his
· William D. ANDERSON, (L. s.]

mark.
Joseph WASSON,

[L. S.) M. MCCONNEL,

[L. S.] “ Yet the same debt remains unpaid, wherefore he prays judgment for his debt, and damages for the detention of the same, together with his costs, &c.

“ Thomas & Brown, for plaintiff.” The defendant pleaded two pleas. The first averred, that the promise was made to the plaintiff only as the agent of the inhabitants of the county of Morgan, and for the use of the inhabitants of the particular township, and that the plaintiff, in his individual right, had no interest whatever in the promises, or in the money when collected, and that the consideration for the promises moved from the inhabitants, and not from the plaintiff. The second crav

40

VOL. II.

McConnel . Thomas.

ed

oyer of the note, and alleged that the note and the promises were made to the inhabitants of the township, by the name, style, and description of William Thomas, school commissioner and agent, &c., and not to this plaintiff, in his private right; and that the legal interest in said note, and the money when collected, at the commencement of this suit, were in the inhabitants of said township ; and that the said plaintiff had not any interest, either legally or equitably, in said note or money, or any part thereof.

M. McCONNEL, for the appellant, cited Piggot v. Thompson, 3 Bos. & Pul. 147 ; 3 Kent Com. 97 ; 10 Johns. 224 ; 5 Mass. 491 ; Gilmore v. Pope, 10 Johns. 387 ; Gunn v. Cantine, 13 Johns. 38; 1 Chipman 295 ; Arlington v. Hines, Ibid. 431 ; 1 Chit. Plead. 3, 4. There is no difference between public and private agents, as to their right to sue. Rathbone v. Budlong, 15 Johns. 1 ; i Chit. Plead. 98; Pool v. Cohen, 6 Monroe 336; Kincade v. Higgins, 1 Bibb 352.

W. Thomas, for the appellee. Wilson, Chief Justice, delivered the opinion of the Court: This is a proceeding by petition and summons, instituted by William Thomas, the plaintiff below, against Murray McConnel, upon a note made by McConnel to William Thomas, school commissioner and agent for the inhabitants of Morgan county, for the use of the inhabitants of said county.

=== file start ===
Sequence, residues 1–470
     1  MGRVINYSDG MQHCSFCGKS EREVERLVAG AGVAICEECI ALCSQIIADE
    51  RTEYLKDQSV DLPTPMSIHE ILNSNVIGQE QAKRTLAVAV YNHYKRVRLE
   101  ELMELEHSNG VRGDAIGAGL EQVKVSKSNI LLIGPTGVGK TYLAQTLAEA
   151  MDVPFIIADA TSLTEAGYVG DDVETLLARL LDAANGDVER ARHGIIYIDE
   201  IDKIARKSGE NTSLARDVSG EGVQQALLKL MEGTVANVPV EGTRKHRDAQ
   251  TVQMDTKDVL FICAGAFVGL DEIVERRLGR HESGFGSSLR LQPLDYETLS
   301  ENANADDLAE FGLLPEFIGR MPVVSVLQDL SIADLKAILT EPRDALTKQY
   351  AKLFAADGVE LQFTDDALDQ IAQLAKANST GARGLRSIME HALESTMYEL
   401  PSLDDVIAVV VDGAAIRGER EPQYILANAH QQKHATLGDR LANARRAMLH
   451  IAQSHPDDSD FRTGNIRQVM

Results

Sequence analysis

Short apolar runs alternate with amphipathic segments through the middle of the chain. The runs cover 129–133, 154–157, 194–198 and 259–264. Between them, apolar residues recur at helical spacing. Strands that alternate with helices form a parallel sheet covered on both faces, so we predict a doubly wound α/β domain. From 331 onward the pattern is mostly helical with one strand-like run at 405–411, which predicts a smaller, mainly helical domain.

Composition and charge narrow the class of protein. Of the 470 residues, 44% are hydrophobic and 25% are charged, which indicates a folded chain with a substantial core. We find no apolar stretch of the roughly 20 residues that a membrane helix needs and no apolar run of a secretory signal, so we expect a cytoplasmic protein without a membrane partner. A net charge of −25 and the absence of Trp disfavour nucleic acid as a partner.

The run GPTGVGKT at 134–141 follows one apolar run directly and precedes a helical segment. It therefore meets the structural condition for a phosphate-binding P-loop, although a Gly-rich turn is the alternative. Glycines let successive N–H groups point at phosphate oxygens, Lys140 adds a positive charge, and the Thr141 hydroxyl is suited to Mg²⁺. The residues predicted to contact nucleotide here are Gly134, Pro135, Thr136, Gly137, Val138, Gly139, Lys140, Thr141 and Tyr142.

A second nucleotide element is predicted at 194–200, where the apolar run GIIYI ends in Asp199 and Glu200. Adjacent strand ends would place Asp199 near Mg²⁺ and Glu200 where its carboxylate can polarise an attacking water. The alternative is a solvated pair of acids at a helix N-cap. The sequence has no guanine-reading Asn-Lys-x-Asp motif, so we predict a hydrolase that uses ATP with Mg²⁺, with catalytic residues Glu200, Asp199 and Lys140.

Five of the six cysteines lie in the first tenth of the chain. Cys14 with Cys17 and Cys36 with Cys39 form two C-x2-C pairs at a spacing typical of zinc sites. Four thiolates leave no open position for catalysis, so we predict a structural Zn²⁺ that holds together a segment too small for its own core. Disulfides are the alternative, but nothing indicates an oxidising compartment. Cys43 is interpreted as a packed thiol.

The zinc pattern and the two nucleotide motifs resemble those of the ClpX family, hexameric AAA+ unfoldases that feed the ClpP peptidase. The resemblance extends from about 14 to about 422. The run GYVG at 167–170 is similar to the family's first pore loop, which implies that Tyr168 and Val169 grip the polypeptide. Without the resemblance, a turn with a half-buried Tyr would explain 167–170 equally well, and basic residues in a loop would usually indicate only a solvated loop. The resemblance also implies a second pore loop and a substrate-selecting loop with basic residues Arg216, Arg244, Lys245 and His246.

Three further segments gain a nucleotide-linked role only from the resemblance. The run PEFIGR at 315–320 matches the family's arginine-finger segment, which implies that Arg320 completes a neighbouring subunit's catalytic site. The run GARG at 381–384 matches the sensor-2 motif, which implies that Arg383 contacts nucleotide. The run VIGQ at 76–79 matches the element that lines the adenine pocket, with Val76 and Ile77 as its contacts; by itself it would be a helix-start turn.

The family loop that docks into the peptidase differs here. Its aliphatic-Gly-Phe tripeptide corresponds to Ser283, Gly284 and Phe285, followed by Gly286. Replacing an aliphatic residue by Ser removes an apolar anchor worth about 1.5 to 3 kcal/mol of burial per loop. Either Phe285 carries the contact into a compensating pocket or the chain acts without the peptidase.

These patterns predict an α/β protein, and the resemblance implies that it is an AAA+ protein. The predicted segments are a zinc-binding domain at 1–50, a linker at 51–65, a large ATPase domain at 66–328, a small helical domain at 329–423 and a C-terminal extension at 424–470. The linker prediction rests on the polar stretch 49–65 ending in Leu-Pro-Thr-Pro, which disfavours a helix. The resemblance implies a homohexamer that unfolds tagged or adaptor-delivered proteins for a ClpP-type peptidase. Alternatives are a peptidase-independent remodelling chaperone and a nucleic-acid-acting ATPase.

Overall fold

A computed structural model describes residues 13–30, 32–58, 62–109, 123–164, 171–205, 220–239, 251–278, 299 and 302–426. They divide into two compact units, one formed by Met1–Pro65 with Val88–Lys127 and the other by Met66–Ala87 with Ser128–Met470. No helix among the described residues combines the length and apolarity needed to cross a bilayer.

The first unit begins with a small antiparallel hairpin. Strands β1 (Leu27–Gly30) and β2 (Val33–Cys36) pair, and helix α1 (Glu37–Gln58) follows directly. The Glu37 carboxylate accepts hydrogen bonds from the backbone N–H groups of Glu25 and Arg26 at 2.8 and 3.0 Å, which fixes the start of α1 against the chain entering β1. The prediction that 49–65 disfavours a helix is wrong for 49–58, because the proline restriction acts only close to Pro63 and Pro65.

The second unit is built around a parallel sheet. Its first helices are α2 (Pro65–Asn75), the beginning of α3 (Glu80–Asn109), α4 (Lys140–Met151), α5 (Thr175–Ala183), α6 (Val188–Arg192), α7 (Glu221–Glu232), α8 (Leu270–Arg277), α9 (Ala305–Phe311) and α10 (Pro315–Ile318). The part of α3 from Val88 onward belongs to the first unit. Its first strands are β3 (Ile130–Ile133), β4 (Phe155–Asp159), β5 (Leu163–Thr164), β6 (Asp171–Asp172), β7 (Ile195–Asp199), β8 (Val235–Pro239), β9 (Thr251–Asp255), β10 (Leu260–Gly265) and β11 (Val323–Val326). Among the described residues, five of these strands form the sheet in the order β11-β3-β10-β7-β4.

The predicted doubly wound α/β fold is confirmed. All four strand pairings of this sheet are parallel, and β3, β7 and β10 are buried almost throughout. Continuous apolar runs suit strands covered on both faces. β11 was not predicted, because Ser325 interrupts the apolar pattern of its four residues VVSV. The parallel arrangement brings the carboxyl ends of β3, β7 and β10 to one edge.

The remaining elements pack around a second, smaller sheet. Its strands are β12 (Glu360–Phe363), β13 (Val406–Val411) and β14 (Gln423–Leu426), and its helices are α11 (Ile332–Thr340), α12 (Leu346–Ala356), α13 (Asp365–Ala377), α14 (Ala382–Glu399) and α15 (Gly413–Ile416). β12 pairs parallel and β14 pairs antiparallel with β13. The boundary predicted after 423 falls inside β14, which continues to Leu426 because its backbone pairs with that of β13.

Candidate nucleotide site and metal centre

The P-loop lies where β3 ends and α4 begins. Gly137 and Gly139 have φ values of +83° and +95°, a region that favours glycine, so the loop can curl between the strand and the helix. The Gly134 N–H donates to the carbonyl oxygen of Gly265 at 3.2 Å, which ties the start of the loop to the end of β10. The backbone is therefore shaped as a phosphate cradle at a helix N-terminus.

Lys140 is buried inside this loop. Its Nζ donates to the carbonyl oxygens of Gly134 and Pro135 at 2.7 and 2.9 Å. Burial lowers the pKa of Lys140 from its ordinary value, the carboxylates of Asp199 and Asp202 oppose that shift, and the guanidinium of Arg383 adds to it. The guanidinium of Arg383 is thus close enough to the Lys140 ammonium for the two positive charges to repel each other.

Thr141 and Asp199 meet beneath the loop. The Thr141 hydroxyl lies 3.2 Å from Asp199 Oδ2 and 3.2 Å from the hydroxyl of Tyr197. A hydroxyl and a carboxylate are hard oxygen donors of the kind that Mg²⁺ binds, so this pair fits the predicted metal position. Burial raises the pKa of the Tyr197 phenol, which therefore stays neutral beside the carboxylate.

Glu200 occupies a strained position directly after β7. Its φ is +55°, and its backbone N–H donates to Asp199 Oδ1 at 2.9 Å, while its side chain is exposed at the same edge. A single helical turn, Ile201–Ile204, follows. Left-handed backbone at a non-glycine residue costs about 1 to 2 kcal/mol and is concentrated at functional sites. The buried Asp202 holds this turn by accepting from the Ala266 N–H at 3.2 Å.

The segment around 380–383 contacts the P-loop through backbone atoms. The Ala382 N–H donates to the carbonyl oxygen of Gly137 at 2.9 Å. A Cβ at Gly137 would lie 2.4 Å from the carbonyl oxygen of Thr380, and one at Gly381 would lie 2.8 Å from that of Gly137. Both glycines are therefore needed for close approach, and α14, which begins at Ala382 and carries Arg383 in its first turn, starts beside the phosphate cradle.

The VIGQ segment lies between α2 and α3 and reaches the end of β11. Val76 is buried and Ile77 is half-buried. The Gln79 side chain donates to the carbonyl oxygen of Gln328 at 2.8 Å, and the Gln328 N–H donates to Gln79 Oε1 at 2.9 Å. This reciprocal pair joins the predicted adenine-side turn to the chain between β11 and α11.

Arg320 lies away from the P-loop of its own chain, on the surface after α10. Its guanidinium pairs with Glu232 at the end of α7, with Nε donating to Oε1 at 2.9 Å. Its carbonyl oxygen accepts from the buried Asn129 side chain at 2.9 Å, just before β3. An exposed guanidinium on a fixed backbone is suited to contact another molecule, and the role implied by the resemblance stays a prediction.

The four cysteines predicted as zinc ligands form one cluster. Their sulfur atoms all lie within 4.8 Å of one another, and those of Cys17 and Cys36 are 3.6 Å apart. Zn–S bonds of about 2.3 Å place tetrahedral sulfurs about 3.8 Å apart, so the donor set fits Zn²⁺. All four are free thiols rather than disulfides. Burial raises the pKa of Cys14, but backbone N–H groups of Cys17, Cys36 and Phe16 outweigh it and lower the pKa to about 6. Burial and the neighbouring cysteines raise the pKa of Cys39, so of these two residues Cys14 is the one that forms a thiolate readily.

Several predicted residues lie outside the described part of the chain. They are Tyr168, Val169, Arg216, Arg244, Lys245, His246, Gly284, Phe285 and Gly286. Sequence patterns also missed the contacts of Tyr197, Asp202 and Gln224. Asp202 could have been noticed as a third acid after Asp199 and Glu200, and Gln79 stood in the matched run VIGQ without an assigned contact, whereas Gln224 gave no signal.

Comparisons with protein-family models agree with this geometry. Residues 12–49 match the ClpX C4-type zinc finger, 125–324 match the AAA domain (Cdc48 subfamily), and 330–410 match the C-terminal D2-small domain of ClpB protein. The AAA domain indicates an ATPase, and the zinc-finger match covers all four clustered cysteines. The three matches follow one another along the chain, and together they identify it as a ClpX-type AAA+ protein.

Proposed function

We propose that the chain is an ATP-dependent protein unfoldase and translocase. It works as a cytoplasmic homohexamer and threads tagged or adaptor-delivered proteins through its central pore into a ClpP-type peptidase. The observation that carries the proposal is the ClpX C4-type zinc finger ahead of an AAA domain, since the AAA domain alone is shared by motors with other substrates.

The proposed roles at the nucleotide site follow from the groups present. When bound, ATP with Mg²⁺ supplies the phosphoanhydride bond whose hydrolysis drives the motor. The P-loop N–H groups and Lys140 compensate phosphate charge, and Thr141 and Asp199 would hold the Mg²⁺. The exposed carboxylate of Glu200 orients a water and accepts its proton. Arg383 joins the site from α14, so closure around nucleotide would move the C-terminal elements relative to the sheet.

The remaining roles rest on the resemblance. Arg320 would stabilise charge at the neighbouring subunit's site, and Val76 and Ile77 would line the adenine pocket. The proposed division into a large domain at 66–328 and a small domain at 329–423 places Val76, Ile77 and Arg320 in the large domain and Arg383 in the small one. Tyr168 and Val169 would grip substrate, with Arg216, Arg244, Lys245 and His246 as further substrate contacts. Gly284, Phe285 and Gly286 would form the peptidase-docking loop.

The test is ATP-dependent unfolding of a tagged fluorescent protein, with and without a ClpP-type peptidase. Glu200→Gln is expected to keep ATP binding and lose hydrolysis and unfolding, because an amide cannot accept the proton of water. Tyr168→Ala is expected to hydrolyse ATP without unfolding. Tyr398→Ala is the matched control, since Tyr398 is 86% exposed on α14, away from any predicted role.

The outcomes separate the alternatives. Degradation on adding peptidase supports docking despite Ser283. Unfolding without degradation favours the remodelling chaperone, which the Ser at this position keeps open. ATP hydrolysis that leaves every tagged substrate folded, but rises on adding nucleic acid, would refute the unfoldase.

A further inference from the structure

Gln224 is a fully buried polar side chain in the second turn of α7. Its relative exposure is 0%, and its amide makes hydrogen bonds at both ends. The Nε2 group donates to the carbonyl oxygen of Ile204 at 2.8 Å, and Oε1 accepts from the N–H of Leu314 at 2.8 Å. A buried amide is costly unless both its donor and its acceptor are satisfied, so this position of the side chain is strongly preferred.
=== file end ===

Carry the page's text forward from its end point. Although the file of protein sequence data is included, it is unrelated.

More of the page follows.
The note bears interest at the rate of thirty per cent. per annum, and judgment was rendered by the Court below in favor of the plaintiff, for the principal and interest of the note, agreeably to its terms. From this decision the defendant below has appealed; and from the proceedings had in the case, two questions arise for the decision of this Court : first, whether the action was properly brought in the name of Thomas, the payee of the note, as was held by the Court below; and secondly, whether judgment for the interest due, was correctly rendered.

The first point in this case must be regarded as settled in this Court, by the case of McHenry v. Ridgely, (1) decided at the present term. That case is not distinguishable in principle from this. The action there was brought in the individual name and character of Nicholas H. Ridgley, upon a note assigned to Nicholas H. Ridgley, Cashier, or order, and the same defence was set up in that case that is in the present one, that is, that the plaintiff had no property or interest in the note, that he was a mere agent, &c. &c. But the Court decided the action to be properly brought in the name of the assignee; and this decision is fully sustained by the authorities referred to. Kent lays down the law as fully settled, that “ If a bill be made payable to A. for the use of

(1) Ante 309.